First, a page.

Josie Garthwaite, N.Y. Times.

I’m sorry, did you say bears, cougars and wolves?

I clicked through on the recent research and couldn’t find any reference to bears, cougars or wolves. But it turns out coyotes are about as fascinating as they are terrifying, and are difficult to control or study because they’re too smart to trap. So good luck out there. And here I thought nothing could be worse than Cougartown.

Twitter Q&A, pt. 2: The randos

Via email, Bill asks:

Any thoughts to the new Bond movie being released today?

I know you love The World Is Not Enough.

Bill asks that because he knows I do not love The World Is Not Enough, as Bill was, in fact, sitting next to me when I nearly got my drunken ass kicked in a DC movie theater by some juiced-up meathead who apparently liked the film. I regret nothing. That movie was terrible and everyone around me deserved the truth.

But no, I don’t have many thoughts on the new Bond movie being released today? Daniel Craig seems alright and Javier Bardem is definitely awesome, but I might boycott all Bond movies until someone caves and casts Jason Statham as Bond.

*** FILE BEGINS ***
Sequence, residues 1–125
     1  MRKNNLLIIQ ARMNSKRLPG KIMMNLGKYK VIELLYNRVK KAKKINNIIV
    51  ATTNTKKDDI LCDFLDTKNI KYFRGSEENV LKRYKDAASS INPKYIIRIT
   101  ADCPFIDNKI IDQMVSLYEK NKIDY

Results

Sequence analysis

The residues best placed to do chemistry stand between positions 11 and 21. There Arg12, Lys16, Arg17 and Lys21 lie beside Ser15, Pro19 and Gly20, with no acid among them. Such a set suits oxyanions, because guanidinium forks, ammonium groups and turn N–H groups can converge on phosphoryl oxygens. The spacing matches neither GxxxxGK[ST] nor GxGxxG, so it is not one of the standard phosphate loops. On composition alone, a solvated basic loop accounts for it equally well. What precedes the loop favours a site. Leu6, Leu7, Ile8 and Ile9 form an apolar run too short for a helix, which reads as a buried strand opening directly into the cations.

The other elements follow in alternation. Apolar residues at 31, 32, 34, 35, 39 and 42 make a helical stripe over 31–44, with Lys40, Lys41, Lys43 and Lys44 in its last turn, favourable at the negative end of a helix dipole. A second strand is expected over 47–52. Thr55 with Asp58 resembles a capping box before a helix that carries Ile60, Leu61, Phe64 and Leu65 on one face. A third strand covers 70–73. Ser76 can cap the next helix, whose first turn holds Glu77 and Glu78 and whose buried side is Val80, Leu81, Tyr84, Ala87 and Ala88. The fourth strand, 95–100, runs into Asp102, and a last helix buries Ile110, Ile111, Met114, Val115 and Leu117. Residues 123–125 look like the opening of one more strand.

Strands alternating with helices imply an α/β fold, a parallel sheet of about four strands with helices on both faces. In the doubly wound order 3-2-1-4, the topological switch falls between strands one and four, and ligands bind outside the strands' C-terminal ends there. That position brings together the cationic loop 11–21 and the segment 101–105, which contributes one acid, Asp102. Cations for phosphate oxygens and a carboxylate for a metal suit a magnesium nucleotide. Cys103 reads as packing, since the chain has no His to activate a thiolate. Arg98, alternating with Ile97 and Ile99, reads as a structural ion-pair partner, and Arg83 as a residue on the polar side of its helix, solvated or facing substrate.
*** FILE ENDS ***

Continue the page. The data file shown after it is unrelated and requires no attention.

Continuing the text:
Trick question: There’s no such thing as an average dude with a mustache.

I’m an odd plater, but I had no idea Tom was asking about gas-rationing particulars until I followed up. I don’t drive much in any case, but right now my car is still dead on the side of the street. Thanks to Diwali, I can leave it there until Friday without getting a ticket. That means Thursday night I’ll be scrambling to find a tow truck.

I just spent a good amount of time discussing this with a trusted associate, and it pretty much just turned into the two of us listing as many peripheral Arrested Development characters as we could. They’re all great. It pretty much has to be Barry Zuckercorn, only because he’s got the most screen time of all them and a lot of the funniest lines. But certainly Steve Holt, White Power Bill and the Hot Cops deserve nods.

A bigger challenge might be coming up with a bad Arrested Development peripheral character. I didn’t care for Martin Short’s role or Gene Parmesan much, but other than that, it’s tough to think of any.